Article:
Despite their school's crumbling building, academic woes, and dwindling enrollment, a coalition of supporters say William Penn High must be kept open.

Philadelphia's School Reform Commission last month announced plans to shutter the massive North Broad Street structure, which was built in 1971 for 3,000 students but today houses fewer than 600. If the proposal goes forward, William Penn will close in 2010.

Led by State Rep. W. Curtis Thomas (D., Phila.), about a dozen members of the Coalition to Save William Penn High School said yesterday that they felt blindsided by the commission's decision, and offered suggestions for keeping the school open.

The district could create a school for kindergarten through 12th grade on the site, establish a communications magnet school, or build a smaller building in North Philadelphia, the group said.

"The coalition fully realizes that academic performance and student attendance at William Penn can be improved," Thomas said, "but it is time to invest, not destroy, not abandon."

He said it was illogical to close one of the district's newer high school buildings to send students to older Benjamin Franklin and Simon Gratz Highs.

The district would also lose the school's athletic facilities, including sprawling fields and an Olympic-size pool, which is closed.

But district spokeswoman Felecia Ward said the decision had been based primarily on a concern for safety.

The school's pipes are badly corroded, she said, and its heating system needs $5 million in repairs. Just two of the five buildings are in use, a move made last year to try to spare the heating system.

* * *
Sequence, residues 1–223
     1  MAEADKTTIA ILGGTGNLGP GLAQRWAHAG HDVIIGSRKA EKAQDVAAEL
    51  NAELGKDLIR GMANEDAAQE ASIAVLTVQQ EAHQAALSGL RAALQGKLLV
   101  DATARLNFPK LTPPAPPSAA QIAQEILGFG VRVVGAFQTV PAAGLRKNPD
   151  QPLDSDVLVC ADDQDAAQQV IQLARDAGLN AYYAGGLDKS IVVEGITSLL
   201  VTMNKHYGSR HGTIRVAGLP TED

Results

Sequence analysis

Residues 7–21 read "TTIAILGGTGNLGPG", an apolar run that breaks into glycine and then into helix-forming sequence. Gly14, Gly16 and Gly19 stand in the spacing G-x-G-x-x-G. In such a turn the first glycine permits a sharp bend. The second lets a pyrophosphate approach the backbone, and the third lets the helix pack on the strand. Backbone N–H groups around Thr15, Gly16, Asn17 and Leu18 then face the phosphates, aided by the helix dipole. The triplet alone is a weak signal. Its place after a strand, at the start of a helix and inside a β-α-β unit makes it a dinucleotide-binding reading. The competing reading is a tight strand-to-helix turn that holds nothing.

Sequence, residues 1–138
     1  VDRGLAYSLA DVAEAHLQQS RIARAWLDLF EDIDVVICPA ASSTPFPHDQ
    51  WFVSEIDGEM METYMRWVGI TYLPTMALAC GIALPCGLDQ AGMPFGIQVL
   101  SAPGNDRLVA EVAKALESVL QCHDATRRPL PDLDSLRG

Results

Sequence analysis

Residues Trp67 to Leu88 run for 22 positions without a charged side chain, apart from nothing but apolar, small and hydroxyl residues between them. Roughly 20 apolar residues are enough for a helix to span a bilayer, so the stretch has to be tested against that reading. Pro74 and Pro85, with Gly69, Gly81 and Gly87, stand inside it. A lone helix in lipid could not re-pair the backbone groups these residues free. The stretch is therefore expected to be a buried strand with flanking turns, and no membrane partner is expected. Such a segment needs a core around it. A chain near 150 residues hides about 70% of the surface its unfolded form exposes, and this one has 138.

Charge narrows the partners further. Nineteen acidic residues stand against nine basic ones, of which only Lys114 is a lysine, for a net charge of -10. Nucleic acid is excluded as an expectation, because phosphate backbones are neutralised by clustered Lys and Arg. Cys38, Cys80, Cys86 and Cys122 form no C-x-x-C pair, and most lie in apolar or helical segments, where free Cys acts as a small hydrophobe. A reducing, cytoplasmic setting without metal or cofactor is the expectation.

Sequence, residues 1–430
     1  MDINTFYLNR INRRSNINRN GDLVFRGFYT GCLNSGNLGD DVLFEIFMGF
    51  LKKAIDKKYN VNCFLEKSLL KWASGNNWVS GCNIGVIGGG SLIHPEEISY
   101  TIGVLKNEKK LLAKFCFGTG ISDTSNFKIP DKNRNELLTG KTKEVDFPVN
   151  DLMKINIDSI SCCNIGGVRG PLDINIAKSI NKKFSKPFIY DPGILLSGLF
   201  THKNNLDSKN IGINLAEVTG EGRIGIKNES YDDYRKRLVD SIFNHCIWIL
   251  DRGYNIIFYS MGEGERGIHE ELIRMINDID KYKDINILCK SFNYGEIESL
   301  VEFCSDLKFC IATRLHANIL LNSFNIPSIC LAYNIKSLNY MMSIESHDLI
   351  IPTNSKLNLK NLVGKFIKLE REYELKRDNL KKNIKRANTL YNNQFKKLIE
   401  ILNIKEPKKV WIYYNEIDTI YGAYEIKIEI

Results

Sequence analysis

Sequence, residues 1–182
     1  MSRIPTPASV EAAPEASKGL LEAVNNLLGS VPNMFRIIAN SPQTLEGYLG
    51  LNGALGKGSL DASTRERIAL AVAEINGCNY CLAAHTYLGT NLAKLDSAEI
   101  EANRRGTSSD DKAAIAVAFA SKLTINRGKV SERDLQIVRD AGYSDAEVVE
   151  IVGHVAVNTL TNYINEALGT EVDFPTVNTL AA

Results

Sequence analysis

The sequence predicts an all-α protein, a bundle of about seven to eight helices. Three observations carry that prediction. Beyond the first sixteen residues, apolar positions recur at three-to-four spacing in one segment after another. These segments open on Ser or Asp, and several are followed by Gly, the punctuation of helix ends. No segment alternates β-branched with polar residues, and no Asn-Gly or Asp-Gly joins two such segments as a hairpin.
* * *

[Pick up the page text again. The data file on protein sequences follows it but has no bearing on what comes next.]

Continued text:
Last year, William Penn cost the district more than $1 million in utility bills, Ward said - one of the highest figures in the city. Plus, she said, the campus is 557,000 square feet, and enrollment has shrunk from 2,099 in the 1999-2000 school year.

"We're talking about the size of a mall with 588 students," Ward said.

The rise in charter schools is one reason for the decline, she said. But several housing projects in the neighborhood also closed in that time.

William Penn has also failed to meet state academic standards for several years running.

Still, the decision won't be final until after a series of community meetings, Ward said. Superintendent Arlene Ackerman is also scheduled to meet with Thomas today.

But parents and alumni say they won't go down without a fight. The school was once a bright spot in the city, with a state-of-the-art communications program that attracted students from around Philadelphia, and with some attention it could rise again, they said.

Still, they're frustrated by what William Penn has become, physically and academically.

"I wouldn't send my kids to this school, either," said Inez Henderson-Purnell, a 1977 graduate and a member of the coalition, "but we can make this building a place of high excellence again."

Barbara Carroll, an alumna and mother of a current William Penn student, said the district was turning its back on the community.

"If our houses are in disrepair, we find the money to fix them," Carroll said. "Why won't the School Reform Commission find the money? You're telling us on the east side of Broad Street that our children aren't worth the investment."

The first community meeting on the proposed closing is scheduled for 6 p.m. Monday at the school, Broad and Thompson Streets.